Saving Private Ryan (1998)

Saving Private Ryan was a film that garnered a lot of attention on release, largely due to the innovative use of "shaky-cam" or hand-held camera work and the sheer effort that went in to creating some of these scenes. Clearly taking inspiration from earlier films such as "The Longest Day" (1962) but with the advances of modern film techniques and a vastly expanded budget, this is an epic war film unlike anything people had seen before. I never saw the film when it came out and only recently watched it on DVD, so I decided to share my thoughts on this film that has become a classic of the genre.

The film starts off in a present day military cemetery where we see an elderly man, flanked by his family approaching one of the hundreds of white crosses that mark the graves of fallen soldiers of WWII. We then cut to the D-Day landings in what is the film's most memorable and talked about scene. For the next half hour we are given a masterclass in filming a large scale action sequence, as we land with the soldiers, they slog their way up the beach avoiding razor-wire, gunfire and mines, many being cut down and having limbs blown off. It is chaotic, horrific, and the camera brings you right down to the level of the troops. You really feel each foot of ground that they gain towards the gun emplacements. When they finally reach their objective, our protagonist Captain John Miller (Tom Hanks) re-orders his troops and we sigh along with him that they managed to survive that hellish experience. We are then taken to the Chief of Staff's office in the United States where a woman in the typing pool sending condolence letters to parents of men killed in action realises that three brothers have been killed, with a fourth surviving. Not wishing this woman to lose all her sons, the army send orders that Private James Francis Ryan (Matt Damon) is to be found and brought home. However, Private Ryan parachuted into France with the 101st Airborne and they do not know where he is. Captain Miller is given the task of searching for him.

This is undoubtedly a great movie, with a scale that is incredible to look at. Every aspect of direction, set and costume design and cinematography shows that these are people working at a very high level indeed. From the opening scene with landing craft arriving on the beach you are completely immersed in the world. And as they move through bombed out villages, the sets are so believable that you almost forget that they were created for the film. The Director of Photography Janusz Kaminski used a technique to give the film a grainy quality, further enhancing the period feel while not being distracting. There are a few nice touches in the direction that I would mention. I liked the shot early on during the landing sequence when they look up at the towering wall of the gun emplacement, emphasising what a task is ahead of them. This particularly resonates when they finally reach it and you can think back to that intimidating sight. In one scene a soldier is shot down and falls on a piano, sending a discordant note through the village, in another a sniper is reciting scripture while looking down on the enemy from a belltower. All of these little touches add an element of interest to things. I also enjoyed the brief flashes of humour, albeit dark at times, such as the soldier deafened by a grenade who they ask for help, their teasing of the translator assigned to their crew, and some of the amusing anecdotes told by the men. These all serve to lighten the mood and show that the situation they are in is far from normal, and that most would far rather be home.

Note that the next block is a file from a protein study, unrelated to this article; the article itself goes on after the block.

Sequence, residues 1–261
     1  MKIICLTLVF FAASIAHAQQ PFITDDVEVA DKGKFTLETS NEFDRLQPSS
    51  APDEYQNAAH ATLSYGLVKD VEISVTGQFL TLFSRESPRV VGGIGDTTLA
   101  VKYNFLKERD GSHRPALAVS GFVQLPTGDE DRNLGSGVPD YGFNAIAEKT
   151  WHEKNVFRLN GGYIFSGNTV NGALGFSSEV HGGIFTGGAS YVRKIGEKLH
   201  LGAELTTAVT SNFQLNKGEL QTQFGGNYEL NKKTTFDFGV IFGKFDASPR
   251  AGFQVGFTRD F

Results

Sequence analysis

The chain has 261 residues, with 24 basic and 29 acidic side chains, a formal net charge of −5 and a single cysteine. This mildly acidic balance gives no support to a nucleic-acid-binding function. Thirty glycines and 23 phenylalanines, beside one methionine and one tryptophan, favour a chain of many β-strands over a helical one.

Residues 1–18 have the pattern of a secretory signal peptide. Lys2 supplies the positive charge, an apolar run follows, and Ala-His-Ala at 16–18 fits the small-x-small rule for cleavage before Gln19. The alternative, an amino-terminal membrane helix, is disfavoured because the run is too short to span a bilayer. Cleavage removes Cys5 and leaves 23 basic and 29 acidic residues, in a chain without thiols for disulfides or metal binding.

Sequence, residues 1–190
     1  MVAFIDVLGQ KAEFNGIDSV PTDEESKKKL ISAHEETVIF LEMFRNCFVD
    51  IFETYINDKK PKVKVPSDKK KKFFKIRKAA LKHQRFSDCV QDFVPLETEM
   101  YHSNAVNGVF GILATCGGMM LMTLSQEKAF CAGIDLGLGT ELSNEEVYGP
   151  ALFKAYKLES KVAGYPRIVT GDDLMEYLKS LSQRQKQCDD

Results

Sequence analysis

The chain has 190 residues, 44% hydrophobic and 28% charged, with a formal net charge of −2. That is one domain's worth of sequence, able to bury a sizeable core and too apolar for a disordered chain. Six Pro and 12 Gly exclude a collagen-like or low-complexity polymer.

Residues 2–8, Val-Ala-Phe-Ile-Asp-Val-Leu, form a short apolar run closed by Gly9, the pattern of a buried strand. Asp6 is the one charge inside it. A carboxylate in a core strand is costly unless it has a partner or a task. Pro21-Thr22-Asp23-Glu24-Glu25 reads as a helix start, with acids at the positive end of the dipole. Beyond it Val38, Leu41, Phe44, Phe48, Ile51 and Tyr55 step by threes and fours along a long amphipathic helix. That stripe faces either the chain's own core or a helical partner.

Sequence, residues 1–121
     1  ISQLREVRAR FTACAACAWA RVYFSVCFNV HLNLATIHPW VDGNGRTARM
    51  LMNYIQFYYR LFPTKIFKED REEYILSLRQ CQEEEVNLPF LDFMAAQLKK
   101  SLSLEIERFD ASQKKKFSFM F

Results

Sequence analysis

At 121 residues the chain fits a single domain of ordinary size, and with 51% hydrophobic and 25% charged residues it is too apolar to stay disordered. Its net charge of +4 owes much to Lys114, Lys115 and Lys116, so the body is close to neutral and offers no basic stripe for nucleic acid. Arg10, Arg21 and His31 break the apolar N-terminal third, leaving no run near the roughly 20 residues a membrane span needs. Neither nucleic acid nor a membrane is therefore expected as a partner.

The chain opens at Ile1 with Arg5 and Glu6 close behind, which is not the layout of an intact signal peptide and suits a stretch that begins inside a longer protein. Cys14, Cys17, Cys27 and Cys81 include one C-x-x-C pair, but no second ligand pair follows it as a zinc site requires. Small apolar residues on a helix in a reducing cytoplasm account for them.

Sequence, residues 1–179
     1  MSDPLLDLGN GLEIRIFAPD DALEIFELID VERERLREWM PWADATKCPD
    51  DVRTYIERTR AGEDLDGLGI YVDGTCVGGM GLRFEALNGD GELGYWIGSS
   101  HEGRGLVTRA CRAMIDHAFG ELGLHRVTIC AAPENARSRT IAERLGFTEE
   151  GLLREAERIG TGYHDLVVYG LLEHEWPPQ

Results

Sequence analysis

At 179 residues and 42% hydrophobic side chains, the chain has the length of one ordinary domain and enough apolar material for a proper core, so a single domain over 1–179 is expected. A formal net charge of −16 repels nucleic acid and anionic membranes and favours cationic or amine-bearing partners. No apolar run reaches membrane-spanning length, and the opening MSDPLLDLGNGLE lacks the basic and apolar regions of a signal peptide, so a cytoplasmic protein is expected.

Tom Hanks gives a great performance as the Captain, caring but always in command of the situation. He is just a regular guy, we learn that he was a teacher back home, who is trying to get through the war and return to his wife. He also has a condition that causes his hand to shake, that further adds pathos to his character. Matt Damon delivers a great performance in one of his first big movie roles, and you can feel his frustration at being told to go, his pain at learning of his brothers' deaths, and every emotion he goes through.

I cannot say that the film is not without flaws, some of which are personal bug-bears of mine. I have never been a big fan of bookending historical movies with modern scenes, it takes you out of the action, and while the film does its best to build tension I feel as though it would benefit from starting on the beach at Normandy, throwing you straight into the action, and then ending with the story of Miller and Ryan. The "present day" scene really adds nothing for me. The other issue I had with the film was its length. The film is a fairly straightforward story, but they show you every fire-fight they go through shot by shot. Admittedly, this does help you feel the emotions of the soldiers, tired, drained, fearful, but you also start to drift a little and I felt like you could just check back later to see who was left standing. I am a big fan of the television show "Band of Brothers" that Spielberg and Hanks worked on together after finishing "Saving Private Ryan" and that show is done in much the same style, with lengthy battles shot in detail. The difference is that the show is split into one hour episodes, manageable pieces, whereas this film gives it to you all in one sitting. Of course, some people will have less of a problem than me with this, particularly if you are a military buff.

The film is an incredible spectacle and lets you experience a little of what it was like to fight through France with these men. Fantastic action sequences, great actors, and all around amazing production design make it worth seeing.